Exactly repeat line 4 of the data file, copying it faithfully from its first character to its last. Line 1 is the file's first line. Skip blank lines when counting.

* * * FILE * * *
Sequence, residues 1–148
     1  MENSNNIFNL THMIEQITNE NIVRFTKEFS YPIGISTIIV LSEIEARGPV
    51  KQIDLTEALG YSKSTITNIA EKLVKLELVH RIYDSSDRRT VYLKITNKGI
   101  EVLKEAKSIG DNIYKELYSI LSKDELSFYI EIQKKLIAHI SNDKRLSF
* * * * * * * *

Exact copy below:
   101  EVLKEAKSIG DNIYKELYSI LSKDELSFYI EIQKKLIAHI SNDKRLSF